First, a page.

Tips on Caregiving after at Hip Fracture

Tips on Caregiving after at Hip Fracture

This year, over 300,000 U.S. seniors will be hospitalized with a hip fracture — a serious injury for any elderly person. While some seniors recover relatively quickly after a broken hip, for most seniors, hip fracture recovery is both difficult and dangerous. Tips on Caregiving after at Hip Fracture
During hip fracture recovery, non-medical support from senior care providers and family caregivers can make a huge difference. During the recovery period, seniors are unable to perform many basic tasks and are at an elevated risk of a hospital readmission or mortality. Senior care — either by professional caregivers or family members — can help make day-to-day living easier and increase the chance of a full recovery. Tips on Caregiving after at Hip Fracture
If you have a spouse, parent, grandparent, or an elderly friend or relative who has experienced a hip fracture, are some of the steps that you and another caregiver can take to improve your loved one’s chance of recovery:

Start with Doctor’s and Therapist’s Orders

In helping a senior recover from a broken hip, care begins and ends with doctors’ orders. Your loved one’s doctor will have a full understanding of your loved one’s risk factors, the severity of his or her fracture, and the best options for your loved one’s recovery. When discussing your loved one’s recovery with his or her physician, be sure to take detailed notes on care directives and ask questions if there is anything you are unclear about.
Your loved one’s physician and insurer will coordinate physical therapy, which is typically provided in your loved one’s home or in a recovery facility. Therapy is generally performed multiple times a week and is crucial to helping your loved one heal and regain strength. Your loved one’s therapist will likely leave instructions for exercises that your loved one should perform between therapy sessions.
It is important that you make sure your loved one practices these exercises. Roughly 75% of seniors who suffer a broken hip never fully regain the ability to walk. Your loved one’s exercises will increase their chances of being part of the 25% that regain full walking ability and will decrease the likelihood that they will require a walker or wheelchair for the remainder of their life.

Senior Care During Recovery

In the weeks and months after your loved one’s hip fracture, their mobility will be extremely limited. It will be impossible for your loved one to do many daily tasks on his or her own. This is where family caregivers and professional care workers come in.
Non-medical senior care during hip fracture recovery includes assistance with activities like bathing, dressing, hygiene, mobility, transferring, running errands, shopping for groceries, and preparing meals.
Part of providing senior care after a broken hip is also ensuring your loved one’s living place is safe. After a hip fracture, seniors often have balance and coordination issues, increasing the likelihood of a second fall, resulting in a refractured hip. To make your loved one’s home safer, you should consider strategies for how to fall-proof your home. These include improved lighting, removing clutter, keeping cords bundled up and away from walking areas, and installing weight-bearing railings/grab bars in stairways and bathrooms.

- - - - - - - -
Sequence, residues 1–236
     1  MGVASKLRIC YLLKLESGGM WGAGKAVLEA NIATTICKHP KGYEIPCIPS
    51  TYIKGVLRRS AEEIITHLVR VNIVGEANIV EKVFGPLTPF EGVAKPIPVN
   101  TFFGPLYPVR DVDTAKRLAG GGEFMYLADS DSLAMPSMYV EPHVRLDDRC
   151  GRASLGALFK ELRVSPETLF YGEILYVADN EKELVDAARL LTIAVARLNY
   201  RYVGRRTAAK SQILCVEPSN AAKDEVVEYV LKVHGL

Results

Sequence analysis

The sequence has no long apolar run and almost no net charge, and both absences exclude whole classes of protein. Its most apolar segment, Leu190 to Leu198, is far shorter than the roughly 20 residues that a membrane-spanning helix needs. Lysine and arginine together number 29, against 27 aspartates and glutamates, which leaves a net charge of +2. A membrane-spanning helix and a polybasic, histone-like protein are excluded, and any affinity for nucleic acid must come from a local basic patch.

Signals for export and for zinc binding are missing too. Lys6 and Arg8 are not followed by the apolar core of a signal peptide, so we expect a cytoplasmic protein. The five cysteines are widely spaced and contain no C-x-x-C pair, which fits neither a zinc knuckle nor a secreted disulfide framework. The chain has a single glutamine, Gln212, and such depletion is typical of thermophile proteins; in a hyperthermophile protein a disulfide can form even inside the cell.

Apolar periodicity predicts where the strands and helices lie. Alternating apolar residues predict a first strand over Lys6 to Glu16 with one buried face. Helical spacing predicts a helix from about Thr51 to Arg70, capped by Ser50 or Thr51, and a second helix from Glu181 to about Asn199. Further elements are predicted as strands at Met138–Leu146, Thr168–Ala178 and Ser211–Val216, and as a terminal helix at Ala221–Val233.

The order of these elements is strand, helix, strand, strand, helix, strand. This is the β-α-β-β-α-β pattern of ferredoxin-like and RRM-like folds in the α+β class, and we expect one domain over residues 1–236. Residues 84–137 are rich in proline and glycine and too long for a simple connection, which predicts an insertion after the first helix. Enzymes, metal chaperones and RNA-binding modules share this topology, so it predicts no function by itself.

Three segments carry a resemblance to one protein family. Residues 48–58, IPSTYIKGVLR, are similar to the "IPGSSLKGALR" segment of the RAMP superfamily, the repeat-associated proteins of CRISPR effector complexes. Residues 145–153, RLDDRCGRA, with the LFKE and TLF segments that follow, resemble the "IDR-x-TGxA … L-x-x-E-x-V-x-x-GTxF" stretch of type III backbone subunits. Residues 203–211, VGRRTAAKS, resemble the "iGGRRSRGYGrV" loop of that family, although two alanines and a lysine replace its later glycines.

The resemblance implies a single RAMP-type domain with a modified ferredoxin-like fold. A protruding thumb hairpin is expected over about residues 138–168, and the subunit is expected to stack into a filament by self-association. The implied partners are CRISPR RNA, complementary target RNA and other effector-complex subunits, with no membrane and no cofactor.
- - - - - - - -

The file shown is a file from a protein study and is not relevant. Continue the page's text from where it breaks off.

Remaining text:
Senior care during hip fracture recovery also includes emotional and companionship components. The pain, isolation, and disability of a broken hip can often lead to sadness, despondency, and depression during the recovery period. Family caregivers can help relieve these feelings, whether by offering empathy and conversation or simply by providing a human presence.

Recovery a Long Road for Most

Recovering from a hip fracture is a long and difficult process for most seniors. While your loved one’s fracture might heal within 6-8 weeks, it typically takes 9-12 months before seniors have recovered their strength, balance, and coordination.
During these months, your support, the assistance of other family members, and the help of professional caregivers, therapists, and doctors will be a major part of your loved one’s recovery. As a family senior care provider, you will also play a big role in preventing future falls and injuries.
If you have a loved one who requires senior care after a broken hip, professional non-medical care can make a big difference. At Visiting Angels, our caregivers regularly provide non-medical assistance through our Ready-Set-Go Home program, which provides care for seniors after coming home from the hospital. This program is designed to reduce the risk of complications and injury during recovery.
To learn more about this program and to schedule a free care consultation, contact your local Visiting Angels office today.

Tips on Caregiving after at Hip Fracture

Tips on Caregiving after at Hip Fracture

Tips on Caregiving after at Hip Fracture

About the Author

Richard Bitner

Visiting Angels is a national, private duty network of senior care agencies. We are proud to be the nation’s leading provider of non-medical at home care services. With our elder care services, seniors can remain independent and live safely at home. Our senior care services include Social Care, Dementia Care, Alzheimer’s Care, End of Life Care, Companion Care, Private Duty Care, care to prevent hospital readmission, and so much more.

Compassionate, dignified at home senior care is close to home when you connect with your local Visiting Angels office by calling 800-365-4189.

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